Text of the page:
default ads for article
NEW YORK — Collective action and solid commitments to a global strategy are necessary to control foot-and-mouth disease (FMD), the United Nations food agency stressed today.
“Recent FMD outbreaks around the globe demonstrate that animal diseases have no boundaries, can have a devastating impact and require a global response,” the Food and Agriculture Organization (FAO) Regional Representative for Asia and the Pacific, Hiroyuki Konuma,said at the opening session of an FMD conference in Bangkok, Thailand.
While the disease does not affect humans, FAO emphasized the negative impact the disease has on poor farmers whose livelihoods often depend on just a few animals. The disease leads them to hunger and economic ruin, presenting a serious threat in many regions. In addition, the agency estimates that the global annual cost of FMD in terms of production losses and the need for prevention by vaccination is approximately $5 billion.
To bring the disease under control, FAO has partnered with the World Organization for Animal Health (OIE) to lay out a detailed global strategy which involves the strengthening of veterinary services responsible for animal disease control.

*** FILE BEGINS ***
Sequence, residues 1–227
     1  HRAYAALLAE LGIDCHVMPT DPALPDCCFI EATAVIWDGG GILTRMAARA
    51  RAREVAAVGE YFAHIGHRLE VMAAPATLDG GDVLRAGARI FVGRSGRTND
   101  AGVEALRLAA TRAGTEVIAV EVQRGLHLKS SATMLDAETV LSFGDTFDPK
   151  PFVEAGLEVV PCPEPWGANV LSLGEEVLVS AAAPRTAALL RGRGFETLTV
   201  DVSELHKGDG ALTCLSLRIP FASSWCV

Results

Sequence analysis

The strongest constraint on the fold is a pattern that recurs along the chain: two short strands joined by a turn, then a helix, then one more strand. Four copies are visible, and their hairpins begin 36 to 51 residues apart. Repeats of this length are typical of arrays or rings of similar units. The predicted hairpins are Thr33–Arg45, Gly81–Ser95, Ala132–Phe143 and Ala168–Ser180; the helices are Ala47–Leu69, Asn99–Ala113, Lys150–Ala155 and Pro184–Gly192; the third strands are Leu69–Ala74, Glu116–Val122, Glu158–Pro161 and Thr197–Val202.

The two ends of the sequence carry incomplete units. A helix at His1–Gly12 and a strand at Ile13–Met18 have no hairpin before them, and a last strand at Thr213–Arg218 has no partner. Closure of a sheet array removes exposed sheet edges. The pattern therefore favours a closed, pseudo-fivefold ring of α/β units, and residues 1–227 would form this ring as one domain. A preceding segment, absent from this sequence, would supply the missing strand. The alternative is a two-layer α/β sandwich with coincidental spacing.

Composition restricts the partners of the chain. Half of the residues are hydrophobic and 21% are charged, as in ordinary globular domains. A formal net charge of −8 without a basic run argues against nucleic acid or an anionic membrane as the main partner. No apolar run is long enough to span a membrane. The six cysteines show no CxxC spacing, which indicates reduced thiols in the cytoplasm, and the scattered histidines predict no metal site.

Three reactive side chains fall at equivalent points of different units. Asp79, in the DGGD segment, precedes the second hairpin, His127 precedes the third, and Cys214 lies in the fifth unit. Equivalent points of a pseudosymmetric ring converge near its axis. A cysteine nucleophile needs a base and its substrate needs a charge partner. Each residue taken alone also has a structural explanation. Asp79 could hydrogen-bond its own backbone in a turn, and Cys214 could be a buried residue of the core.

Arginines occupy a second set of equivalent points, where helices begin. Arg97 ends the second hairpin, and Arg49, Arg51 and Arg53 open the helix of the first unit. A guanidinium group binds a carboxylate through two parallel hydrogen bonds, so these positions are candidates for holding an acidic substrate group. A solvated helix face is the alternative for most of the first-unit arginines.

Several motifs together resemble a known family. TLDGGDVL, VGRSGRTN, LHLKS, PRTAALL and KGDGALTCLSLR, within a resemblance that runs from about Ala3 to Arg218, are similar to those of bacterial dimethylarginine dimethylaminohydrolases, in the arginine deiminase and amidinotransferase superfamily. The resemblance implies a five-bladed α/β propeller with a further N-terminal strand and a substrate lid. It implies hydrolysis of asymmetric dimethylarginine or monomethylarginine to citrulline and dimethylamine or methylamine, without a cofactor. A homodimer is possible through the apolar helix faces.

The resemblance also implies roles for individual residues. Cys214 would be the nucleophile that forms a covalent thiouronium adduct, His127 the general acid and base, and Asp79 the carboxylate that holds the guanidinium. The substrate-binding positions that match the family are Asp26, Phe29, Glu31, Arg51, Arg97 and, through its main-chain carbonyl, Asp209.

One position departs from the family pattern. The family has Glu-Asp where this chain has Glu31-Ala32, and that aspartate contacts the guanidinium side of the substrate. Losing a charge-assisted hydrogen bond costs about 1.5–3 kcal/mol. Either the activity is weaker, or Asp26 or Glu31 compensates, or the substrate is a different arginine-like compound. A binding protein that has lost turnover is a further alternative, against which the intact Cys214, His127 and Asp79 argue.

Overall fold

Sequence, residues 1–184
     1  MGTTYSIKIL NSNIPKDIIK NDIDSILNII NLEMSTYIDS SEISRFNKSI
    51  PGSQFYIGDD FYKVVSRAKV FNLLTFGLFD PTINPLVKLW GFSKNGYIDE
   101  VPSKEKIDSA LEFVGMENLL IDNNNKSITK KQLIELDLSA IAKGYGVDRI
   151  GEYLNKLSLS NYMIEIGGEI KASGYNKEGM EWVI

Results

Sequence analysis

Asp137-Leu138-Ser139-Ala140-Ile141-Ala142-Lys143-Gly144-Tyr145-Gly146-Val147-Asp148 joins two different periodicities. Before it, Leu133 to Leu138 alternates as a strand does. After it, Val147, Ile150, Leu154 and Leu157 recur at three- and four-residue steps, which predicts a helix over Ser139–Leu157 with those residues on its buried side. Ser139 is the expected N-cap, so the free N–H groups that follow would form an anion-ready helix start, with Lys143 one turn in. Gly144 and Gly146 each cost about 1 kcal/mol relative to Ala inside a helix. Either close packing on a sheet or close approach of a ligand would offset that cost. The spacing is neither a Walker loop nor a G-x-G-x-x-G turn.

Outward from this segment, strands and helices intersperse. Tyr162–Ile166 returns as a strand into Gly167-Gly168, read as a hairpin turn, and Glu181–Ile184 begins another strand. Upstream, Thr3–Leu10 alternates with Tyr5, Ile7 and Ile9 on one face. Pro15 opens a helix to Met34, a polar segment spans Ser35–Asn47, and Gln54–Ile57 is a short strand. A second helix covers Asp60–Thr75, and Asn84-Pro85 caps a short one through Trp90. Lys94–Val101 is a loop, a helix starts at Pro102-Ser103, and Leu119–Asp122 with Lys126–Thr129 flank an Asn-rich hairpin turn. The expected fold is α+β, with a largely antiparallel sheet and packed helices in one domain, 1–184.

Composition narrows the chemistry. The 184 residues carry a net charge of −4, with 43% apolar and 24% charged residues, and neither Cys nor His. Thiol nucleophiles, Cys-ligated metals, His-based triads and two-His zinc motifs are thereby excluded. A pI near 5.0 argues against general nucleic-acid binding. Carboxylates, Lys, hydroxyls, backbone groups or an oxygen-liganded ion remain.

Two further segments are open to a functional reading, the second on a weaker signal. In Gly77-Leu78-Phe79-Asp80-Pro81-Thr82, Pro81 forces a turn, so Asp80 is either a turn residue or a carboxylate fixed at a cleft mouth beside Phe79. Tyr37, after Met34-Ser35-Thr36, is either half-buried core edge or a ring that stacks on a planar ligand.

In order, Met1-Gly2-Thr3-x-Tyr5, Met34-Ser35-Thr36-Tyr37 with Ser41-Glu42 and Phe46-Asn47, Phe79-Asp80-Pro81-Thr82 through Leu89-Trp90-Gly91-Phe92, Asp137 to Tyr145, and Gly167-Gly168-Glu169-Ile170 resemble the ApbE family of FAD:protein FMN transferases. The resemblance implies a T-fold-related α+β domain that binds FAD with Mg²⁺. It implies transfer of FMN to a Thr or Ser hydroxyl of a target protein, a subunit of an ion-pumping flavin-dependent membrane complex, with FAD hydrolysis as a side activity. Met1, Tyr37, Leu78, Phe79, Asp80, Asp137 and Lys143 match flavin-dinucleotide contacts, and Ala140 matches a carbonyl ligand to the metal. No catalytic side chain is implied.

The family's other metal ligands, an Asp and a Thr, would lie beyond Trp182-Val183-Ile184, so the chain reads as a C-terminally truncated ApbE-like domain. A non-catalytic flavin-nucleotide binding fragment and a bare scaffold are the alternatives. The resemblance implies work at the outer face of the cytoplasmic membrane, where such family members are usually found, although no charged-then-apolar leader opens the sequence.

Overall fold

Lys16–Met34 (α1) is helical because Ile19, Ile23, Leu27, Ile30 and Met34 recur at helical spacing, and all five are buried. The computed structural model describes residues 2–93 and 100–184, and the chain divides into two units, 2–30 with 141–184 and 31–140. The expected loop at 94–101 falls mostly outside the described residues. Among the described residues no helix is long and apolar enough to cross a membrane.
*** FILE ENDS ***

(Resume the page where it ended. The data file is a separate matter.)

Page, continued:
The strategy also seeks to significantly contribute to poverty reduction by increasing trade opportunities and protecting the daily incomes of the one billion poor farmers worldwide who depend on livestock.
“The successful eradication of rinderpest, a joint effort by scientists, governments, donors, veterinarians and farmers, clearly shows that we can reduce and even eliminate the threat of major diseases,” said FAO’s chief veterinary officer, Juan Lubroth, in a news release.
“We could apply lessons learned and appropriate approaches when it comes to foot-and-mouth disease: better surveillance, coordination and control to reduce FMD outbreaks and finally eliminate the virus, to safeguard food security, animal health and human health,” he added.
The joint strategy has been prepared by FAO and OIE in consultation with experts, countries and donors, as well as with regional and international organizations. Particular emphasis has been put on regions of the world where the disease is endemic, including most of sub-Saharan Africa, the Middle East, and Asia.